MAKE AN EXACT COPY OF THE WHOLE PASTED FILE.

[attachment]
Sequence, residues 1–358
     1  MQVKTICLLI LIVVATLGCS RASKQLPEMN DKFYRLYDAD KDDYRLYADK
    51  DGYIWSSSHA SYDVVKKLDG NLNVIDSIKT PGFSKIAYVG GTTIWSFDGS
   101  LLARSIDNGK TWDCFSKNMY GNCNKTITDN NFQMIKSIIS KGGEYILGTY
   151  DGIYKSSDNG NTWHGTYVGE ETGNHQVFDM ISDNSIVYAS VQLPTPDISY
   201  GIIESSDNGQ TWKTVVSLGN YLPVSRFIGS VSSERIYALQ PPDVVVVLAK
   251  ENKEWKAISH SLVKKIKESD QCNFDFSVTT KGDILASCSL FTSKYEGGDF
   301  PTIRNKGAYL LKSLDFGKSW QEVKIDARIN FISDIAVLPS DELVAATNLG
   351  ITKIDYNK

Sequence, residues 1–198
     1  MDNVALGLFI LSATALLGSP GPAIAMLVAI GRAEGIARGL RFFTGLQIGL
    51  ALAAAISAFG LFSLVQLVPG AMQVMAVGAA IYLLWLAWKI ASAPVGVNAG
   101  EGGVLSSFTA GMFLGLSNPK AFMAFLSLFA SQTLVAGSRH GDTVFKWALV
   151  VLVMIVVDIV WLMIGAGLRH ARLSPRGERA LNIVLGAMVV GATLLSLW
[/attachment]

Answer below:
Sequence, residues 1–358
     1  MQVKTICLLI LIVVATLGCS RASKQLPEMN DKFYRLYDAD KDDYRLYADK
    51  DGYIWSSSHA SYDVVKKLDG NLNVIDSIKT PGFSKIAYVG GTTIWSFDGS
   101  LLARSIDNGK TWDCFSKNMY GNCNKTITDN NFQMIKSIIS KGGEYILGTY
   151  DGIYKSSDNG NTWHGTYVGE ETGNHQVFDM ISDNSIVYAS VQLPTPDISY
   201  GIIESSDNGQ TWKTVVSLGN YLPVSRFIGS VSSERIYALQ PPDVVVVLAK
   251  ENKEWKAISH SLVKKIKESD QCNFDFSVTT KGDILASCSL FTSKYEGGDF
   301  PTIRNKGAYL LKSLDFGKSW QEVKIDARIN FISDIAVLPS DELVAATNLG
   351  ITKIDYNK

Sequence, residues 1–198
     1  MDNVALGLFI LSATALLGSP GPAIAMLVAI GRAEGIARGL RFFTGLQIGL
    51  ALAAAISAFG LFSLVQLVPG AMQVMAVGAA IYLLWLAWKI ASAPVGVNAG
   101  EGGVLSSFTA GMFLGLSNPK AFMAFLSLFA SQTLVAGSRH GDTVFKWALV
   151  VLVMIVVDIV WLMIGAGLRH ARLSPRGERA LNIVLGAMVV GATLLSLW